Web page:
Sunday 26 after Pentecost

Luke 12:16-21

Glory to the Father and to the Son and to the Holy Spirit. Amen.

“I will say to myself:
Take life easy, eat, drink, and be merry”

At the first reading of this parable, one could say that the rich man does not seem to be such a fool, as our Lord calls him. This man is obviously wealthy, successful, and a good manager of his possessions. Within the parable it does not mention that this man was harming others or even committing certain sins. So why did the Lord call this man a fool?

In the beginning of the parable the Rich man seems to be congratulating himself by saying: eat, drink, and be merry...He says, “soul you have plenty of good things laid up for many years... The rich man, despite his material success, because he vainly put all of his trust in his possessions rather than in God, is a fool. To be rich toward God is to have a life of close communion with Him through faith and works. Indeed, according to the Lord “man cannot live by bread alone, this is something that this rich man has ignored. The Lord is teaching us a lesson through the example of the rich man. Though the rich man could manage his business in life very well, he did not make the best use of his skills. He was a successful manager but an unsuccessful user. He worked well for himself, and yet in the end gained nothing. These are the essential questions provoked by this parable: Is it possible that good things make a good life? And if so When and How? Can a rich man be wise instead of a fool?

The answer is yes… It is possible to possess good things and still have a life of close communion with God; it all depends on how we use what has been given to us. St. John Chrysostom compares the good wealth of a man to the Manna, which God sent to the Jewish people as they were wandering in the Desert of Sinai. The people were allowed to take as much as they wanted unto satisfaction. We know that many of them were greedy and desired to collect more to be put into storage. They discovered that the excess food molded quickly and went to waste. Sometimes when good things are stored, they rot. Our wealth and our goods are similar to a crop: when we sow it in charity it becomes fruitful, just as when we store it selfishly it rots.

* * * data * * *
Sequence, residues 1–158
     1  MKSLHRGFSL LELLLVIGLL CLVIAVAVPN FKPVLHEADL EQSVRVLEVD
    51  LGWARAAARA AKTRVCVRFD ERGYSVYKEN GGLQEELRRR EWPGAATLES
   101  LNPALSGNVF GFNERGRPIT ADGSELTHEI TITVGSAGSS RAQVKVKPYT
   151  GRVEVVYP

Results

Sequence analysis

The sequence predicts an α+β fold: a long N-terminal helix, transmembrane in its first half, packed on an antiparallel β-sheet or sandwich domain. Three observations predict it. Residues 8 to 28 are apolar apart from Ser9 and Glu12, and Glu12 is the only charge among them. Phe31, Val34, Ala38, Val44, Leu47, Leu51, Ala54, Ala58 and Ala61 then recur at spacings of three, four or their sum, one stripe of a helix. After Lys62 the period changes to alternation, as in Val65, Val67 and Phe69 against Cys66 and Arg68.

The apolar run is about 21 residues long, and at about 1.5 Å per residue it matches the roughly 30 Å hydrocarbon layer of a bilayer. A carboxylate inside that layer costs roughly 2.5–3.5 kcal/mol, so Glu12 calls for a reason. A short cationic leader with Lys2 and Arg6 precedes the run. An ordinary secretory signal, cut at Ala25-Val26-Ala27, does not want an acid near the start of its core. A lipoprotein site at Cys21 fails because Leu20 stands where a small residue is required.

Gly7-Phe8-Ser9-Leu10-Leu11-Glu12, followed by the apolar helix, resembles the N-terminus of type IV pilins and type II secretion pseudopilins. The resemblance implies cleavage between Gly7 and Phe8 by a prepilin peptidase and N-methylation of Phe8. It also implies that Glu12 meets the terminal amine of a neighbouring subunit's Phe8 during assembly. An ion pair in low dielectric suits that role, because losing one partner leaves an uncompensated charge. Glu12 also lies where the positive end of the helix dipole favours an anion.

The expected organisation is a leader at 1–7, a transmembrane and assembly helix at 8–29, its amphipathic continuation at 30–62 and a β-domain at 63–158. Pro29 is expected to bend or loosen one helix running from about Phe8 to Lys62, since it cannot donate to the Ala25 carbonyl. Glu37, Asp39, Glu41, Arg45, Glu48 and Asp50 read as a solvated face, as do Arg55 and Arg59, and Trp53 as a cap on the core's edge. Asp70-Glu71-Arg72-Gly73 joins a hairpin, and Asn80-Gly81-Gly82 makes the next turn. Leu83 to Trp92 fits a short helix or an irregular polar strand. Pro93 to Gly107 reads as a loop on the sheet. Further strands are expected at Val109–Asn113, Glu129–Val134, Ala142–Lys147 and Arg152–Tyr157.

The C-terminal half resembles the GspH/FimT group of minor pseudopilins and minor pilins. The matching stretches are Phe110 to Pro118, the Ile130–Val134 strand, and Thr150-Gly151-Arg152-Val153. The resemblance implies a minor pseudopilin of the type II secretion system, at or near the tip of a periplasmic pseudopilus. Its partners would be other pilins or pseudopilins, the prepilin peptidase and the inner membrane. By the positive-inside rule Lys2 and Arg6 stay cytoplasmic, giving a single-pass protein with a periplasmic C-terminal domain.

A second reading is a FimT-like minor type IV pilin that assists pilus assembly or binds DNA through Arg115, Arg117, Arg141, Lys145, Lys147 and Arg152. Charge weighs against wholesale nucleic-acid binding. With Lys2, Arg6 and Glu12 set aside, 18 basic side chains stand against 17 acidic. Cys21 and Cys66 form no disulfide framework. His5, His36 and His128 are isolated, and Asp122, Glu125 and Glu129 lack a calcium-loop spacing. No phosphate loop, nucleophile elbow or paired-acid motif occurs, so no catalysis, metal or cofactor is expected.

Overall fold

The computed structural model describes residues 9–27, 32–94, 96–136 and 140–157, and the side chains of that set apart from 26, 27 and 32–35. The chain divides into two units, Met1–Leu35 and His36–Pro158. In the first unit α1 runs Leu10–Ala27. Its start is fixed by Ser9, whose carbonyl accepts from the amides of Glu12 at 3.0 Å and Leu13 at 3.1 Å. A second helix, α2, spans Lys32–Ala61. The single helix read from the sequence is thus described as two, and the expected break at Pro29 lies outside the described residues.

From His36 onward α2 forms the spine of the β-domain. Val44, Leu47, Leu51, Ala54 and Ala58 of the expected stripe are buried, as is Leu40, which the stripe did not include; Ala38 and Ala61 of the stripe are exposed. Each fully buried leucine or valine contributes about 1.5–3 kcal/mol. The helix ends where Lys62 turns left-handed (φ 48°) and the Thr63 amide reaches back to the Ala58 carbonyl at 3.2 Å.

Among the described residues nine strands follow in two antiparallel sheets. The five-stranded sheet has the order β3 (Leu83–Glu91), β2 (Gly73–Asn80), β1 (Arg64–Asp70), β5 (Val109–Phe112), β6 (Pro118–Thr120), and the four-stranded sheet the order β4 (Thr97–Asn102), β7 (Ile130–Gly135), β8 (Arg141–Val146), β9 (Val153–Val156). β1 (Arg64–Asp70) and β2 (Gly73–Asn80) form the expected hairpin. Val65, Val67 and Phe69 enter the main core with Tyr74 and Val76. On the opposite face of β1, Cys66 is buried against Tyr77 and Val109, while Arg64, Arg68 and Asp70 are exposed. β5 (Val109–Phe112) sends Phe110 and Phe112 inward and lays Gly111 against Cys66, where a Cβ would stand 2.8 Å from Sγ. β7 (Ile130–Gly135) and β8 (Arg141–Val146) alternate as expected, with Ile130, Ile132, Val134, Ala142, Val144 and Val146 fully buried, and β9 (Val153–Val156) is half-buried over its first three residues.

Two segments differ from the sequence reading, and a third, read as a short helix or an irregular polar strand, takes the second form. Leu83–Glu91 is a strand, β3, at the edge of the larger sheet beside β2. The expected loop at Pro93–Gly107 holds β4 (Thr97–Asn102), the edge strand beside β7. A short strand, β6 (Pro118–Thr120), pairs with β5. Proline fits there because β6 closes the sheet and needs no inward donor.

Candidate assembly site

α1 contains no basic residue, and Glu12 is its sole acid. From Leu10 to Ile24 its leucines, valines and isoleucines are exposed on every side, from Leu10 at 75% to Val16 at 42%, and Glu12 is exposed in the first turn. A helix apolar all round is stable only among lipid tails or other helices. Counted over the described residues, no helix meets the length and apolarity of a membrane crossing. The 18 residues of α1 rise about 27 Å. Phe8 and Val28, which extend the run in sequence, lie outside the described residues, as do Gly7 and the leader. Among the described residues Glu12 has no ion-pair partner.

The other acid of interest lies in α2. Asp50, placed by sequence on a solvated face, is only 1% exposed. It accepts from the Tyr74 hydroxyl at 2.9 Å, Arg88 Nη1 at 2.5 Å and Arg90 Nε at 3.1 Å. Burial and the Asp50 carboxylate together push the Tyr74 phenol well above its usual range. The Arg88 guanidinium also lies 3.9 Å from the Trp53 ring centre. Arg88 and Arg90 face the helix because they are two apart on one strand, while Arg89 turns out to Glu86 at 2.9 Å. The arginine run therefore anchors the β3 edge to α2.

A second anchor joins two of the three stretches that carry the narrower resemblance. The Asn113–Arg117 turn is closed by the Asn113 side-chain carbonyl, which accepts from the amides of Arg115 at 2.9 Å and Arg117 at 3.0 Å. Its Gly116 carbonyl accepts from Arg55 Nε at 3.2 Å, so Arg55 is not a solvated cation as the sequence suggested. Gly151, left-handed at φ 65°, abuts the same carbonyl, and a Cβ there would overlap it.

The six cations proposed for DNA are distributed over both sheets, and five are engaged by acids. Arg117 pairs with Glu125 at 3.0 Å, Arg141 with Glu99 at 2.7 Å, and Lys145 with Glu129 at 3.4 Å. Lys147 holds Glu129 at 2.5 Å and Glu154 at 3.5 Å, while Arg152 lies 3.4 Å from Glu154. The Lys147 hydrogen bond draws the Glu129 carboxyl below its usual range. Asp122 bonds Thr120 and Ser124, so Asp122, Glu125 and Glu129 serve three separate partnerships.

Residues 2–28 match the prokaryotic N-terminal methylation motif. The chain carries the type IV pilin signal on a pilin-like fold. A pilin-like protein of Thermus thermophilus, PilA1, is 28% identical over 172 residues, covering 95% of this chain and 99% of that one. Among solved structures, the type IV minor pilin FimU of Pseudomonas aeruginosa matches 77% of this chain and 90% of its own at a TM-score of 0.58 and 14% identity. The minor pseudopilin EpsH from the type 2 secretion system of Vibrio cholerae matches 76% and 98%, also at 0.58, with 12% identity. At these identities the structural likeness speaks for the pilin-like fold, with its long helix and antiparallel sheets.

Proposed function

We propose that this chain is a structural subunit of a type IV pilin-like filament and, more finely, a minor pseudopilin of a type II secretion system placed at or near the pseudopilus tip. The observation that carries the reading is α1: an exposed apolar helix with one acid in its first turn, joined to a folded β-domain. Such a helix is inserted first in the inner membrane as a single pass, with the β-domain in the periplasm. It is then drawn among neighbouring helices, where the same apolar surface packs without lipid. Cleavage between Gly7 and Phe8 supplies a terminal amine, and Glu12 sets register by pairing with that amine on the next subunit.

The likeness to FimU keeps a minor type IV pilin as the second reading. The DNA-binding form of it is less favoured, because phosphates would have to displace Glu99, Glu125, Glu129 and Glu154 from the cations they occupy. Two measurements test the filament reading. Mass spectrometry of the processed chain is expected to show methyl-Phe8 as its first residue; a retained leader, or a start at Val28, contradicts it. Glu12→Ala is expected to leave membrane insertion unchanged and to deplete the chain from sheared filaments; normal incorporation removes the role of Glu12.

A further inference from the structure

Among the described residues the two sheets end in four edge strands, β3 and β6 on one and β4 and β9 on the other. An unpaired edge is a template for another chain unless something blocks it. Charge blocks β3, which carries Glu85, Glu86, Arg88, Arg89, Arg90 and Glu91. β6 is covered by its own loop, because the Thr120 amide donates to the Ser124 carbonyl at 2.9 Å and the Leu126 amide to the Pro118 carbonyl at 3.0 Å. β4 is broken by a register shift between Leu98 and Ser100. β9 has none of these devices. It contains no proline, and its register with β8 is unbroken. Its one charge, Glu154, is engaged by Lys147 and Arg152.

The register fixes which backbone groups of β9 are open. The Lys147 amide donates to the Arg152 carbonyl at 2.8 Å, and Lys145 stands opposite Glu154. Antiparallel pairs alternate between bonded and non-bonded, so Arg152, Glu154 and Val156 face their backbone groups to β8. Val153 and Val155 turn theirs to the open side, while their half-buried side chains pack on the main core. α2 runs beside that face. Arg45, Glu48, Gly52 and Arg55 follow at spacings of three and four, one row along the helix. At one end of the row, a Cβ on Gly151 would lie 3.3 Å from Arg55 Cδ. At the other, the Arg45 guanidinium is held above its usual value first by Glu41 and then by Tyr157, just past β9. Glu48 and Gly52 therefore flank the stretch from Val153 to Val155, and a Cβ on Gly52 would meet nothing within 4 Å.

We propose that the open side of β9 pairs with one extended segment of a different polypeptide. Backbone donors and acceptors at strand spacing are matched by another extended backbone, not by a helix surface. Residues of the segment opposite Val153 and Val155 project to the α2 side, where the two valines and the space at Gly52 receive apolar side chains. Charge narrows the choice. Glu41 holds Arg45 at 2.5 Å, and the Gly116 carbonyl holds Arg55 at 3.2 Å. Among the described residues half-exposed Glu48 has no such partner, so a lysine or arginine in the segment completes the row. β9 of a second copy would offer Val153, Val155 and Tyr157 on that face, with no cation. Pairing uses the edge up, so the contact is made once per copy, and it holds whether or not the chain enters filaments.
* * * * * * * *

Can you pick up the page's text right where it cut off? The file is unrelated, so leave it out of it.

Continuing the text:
Good things can bring blessings and bare spiritual fruit, not in of themselves, but only when we are thankful and use our possessions in a Godly way. This is a famous quote from a desert Father “he who has received a gift from God, and is ungrateful for it, is already on the way to losing it”.

Good things must remind us of God who is the loving provider of all that we have; and to provoke in us prayers of thanksgiving. Good things must be used wisely and moderately for our needs and to serve others. St. Peter of Damaskos says, “when God is thanked, He gives us still further blessings, while we, by receiving His gifts, love Him all the more and through this love attain that divine wisdom whose beginning is the fear of God.

An example of a good steward, and a charitable person can be found in Saint John the Merciful who was patriarch of Alexandria in the early 7th century; whom we commemorate today. He was one who possessed good things and yet still had a life of close communion with God. He was a champion of the poor and needy and considered his chief task to be charitable and to give help to all those in need. There is a famous story about him that most of you have probably heard: “One day, when the saint was visiting the sick, he met a beggar and commanded that he be given six silver coins. The beggar changed his clothes, ran on ahead of the Patriarch, and again asked for alms. St John gave him six more silver coins. When, however, the beggar sought charity a third time, and the servants began to chase the fellow away, the Patriarch ordered that he be given twelve pieces of silver, saying, "Perhaps he is Christ putting me to the test." St. John was able to possess good things and still bare good fruit because he was aware that good things must not take the place of God. Our possessions are good when they relate us to God and man through love.

So, through the prayers of St. John the merciful and all the saints, let us strive to always be thankful for everything that God has given us and to be rich towards God, that is, to trust in God, to have Him as our wealth and treasury of wealth, and not to speak of my goods, but the good things of God.”

To Him be all glory and honor unto the ages of ages.
Amen.